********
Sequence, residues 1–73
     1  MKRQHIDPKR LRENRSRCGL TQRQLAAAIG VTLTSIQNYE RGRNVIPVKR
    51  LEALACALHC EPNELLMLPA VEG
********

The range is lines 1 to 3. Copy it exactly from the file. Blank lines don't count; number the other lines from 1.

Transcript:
Sequence, residues 1–73
     1  MKRQHIDPKR LRENRSRCGL TQRQLAAAIG VTLTSIQNYE RGRNVIPVKR
    51  LEALACALHC EPNELLMLPA VEG